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Joan Bennett: Criterion Channel Remembers Unique Blonde + Brunette Actress

Joan Bennett blondeJoan Bennett: Pert blonde 1930s actress became a sultry brunette throughout the 1940s. ”I don’t think much of most of the films I made,” she remarked in a 1986 interview, “but being a movie star was something I liked very much.”
  • The Criterion Channel is presenting 10 films starring Joan Bennett, a blonde 1930s star in mostly lighthearted fare and a brunette 1940s star in mostly somber dramas.

Joan Bennett films on the Criterion Channel: 10 titles – from light crime comedies to dark crime dramas – cover the Hollywood star’s blonde and brunette phases

Ramon Novarro biography Beyond Paradise

A movie star both as a peppy blonde and as a seductive brunette, Joan Bennett – daughter of Broadway star Richard Bennett; sister of 1930s RKO star Constance Bennett – is the Criterion Channel’s “actress of the month” this January.

The U.S.-based streaming channel is presenting 10 Joan Bennett films covering her career both as a blonde and as a brunette.

Spanning nearly a quarter of a century – from 1932 to 1956 – they are the following: Wild Girl, Me and My Gal, Little Women, Big Brown Eyes, Man Hunt, The Woman in the Window, Scarlet Street, The Woman on the Beach, We’re No Angels, and There’s Always Tomorrow.

Below is a brief glimpse at each title (in chronological order).

Wild Girl (1932)

As Wild Girl’s titular character, the charmingly tomboyish Salomy Jane, Joan Bennett is the object of desire and/or affection of local card shark Ralph Bellamy, schemer Irving Pichel, sociopathic Family Values (“anti-woke” in 2020s parlance) politician Morgan Wallace, and avenging stranger Charles Farrell (who first meets Bennett while she is skinny-dipping).

Set in California’s Sierra Nevada, this unpretentious pre-Production Code drama juxtaposes nature’s paradisiac beauty (the movie was partly filmed at Sequoia National Park) with humankind’s inexhaustible propensity for vileness (deception, stupidity, cruelty).

Raoul Walsh, by then a veteran with nearly two decades in the business (The Thief of Bagdad, What Price Glory?), directed this first talkie version of Bret Harte’s 1889 short story/1910 novel Salomy Jane’s Kiss and Paul Armstrong’s 1907 theatrical adaptation Salomy Jane, previously filmed in 1914 (with Beatriz Michelena) and 1923 (with Jacqueline Logan).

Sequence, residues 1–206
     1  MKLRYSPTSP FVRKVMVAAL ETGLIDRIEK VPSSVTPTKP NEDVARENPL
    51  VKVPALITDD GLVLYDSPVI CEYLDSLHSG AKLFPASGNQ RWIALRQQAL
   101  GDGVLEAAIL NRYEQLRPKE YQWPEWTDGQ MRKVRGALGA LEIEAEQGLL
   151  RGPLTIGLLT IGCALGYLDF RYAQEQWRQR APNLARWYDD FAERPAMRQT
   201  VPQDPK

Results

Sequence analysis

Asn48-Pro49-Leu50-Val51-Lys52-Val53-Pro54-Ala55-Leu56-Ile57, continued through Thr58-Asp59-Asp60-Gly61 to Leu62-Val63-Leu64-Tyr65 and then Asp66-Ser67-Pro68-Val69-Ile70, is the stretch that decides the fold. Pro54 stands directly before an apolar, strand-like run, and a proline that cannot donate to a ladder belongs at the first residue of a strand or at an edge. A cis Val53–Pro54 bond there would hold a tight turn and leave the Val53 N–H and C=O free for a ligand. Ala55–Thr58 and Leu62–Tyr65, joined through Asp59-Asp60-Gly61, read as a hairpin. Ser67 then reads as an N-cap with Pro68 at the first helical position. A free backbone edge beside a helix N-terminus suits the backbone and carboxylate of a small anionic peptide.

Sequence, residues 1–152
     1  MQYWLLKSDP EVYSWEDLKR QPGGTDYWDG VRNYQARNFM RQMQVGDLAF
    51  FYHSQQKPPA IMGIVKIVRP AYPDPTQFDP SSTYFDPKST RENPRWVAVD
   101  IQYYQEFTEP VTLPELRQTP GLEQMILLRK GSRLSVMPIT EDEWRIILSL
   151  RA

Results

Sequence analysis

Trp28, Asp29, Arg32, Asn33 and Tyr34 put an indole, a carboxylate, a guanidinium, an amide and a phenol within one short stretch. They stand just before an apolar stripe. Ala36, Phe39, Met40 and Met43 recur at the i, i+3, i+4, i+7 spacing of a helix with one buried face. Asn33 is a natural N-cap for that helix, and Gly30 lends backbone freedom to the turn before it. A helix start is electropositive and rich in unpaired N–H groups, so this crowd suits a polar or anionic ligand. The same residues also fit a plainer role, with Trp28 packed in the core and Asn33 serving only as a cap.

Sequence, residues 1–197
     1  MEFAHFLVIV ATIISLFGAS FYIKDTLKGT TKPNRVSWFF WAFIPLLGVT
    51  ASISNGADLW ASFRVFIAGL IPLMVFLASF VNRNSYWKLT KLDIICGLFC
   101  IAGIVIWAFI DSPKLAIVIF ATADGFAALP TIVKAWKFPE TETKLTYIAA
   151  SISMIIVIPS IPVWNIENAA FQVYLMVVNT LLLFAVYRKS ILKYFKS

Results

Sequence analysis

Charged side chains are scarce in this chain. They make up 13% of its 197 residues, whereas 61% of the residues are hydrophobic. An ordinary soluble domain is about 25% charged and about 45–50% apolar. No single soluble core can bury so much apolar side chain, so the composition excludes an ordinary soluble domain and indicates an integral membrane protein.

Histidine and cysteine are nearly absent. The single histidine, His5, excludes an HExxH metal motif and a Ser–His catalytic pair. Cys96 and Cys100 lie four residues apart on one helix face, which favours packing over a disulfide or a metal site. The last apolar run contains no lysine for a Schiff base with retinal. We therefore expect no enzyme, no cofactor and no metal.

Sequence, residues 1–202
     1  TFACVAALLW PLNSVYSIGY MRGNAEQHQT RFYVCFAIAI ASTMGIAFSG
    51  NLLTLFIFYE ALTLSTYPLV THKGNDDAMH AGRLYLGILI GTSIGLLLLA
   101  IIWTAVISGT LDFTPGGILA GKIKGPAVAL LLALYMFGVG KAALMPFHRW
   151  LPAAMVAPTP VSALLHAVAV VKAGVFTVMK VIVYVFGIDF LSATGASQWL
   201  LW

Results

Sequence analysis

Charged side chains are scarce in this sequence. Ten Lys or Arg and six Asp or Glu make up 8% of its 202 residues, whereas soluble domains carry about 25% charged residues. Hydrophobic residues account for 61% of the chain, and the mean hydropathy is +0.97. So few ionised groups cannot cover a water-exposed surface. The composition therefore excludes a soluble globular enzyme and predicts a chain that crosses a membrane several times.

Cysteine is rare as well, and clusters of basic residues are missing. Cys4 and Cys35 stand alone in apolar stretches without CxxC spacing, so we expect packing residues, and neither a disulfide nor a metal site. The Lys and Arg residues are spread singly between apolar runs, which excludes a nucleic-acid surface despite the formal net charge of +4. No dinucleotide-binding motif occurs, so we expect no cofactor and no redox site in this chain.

Me and My Gal (1932)

Another 1932 Raoul Walsh-Joan Bennett collaboration, the romantic crime comedy Me and My Gal starts out poorly, with a long, juvenile sequence centering on New York City cop-on-the-beat Spencer Tracy.

Things pick up once the focus falls on Bennett’s no-nonsense waterfront waitress, whose sister (Marion Burns) is madly in love/lust with a hunky low-life gangster (late 1910s Fox star George Walsh, the director’s brother and the actor who almost got to star in the 1925 Ben-Hur).

Though hardly a match made in movie heaven, Joan Bennett and Spencer Tracy were seen together in three other titles: John G. Blystone’s She Wanted a Millionaire (also 1932); and, nearly two decades later, Vincente Minnelli’s Oscar-nominated hit Father of the Bride (1950) and its sequel, Father’s Little Dividend (1951).

In the two Minnelli movies, Bennett plays Tracy’s wife but looks like his older daughter. (Elizabeth Taylor would be the younger one.)

Little Women (1933)

The first talkie version of Louisa May Alcott’s 1868–69 literary classic, George Cukor’s RKO-produced Little Women helped to solidify the Hollywood stardom of recent Broadway import Katharine Hepburn (as Jo March).

As the second female lead, Joan Bennett plays Amy March, the only blonde among the four titular characters. (The other two were played by Frances Dee and Jean Parker.)

Also in the cast of this Best Picture, Best Director, and Best Adaptation (Victor Heerman and Sarah Y. Mason) Academy Award nominee (1932–33): Future Oscar winner Paul Lukas (Watch on the Rhine, 1943), Douglass Montgomery, and Spring Byington.

A great print of Little Women has been available for some time.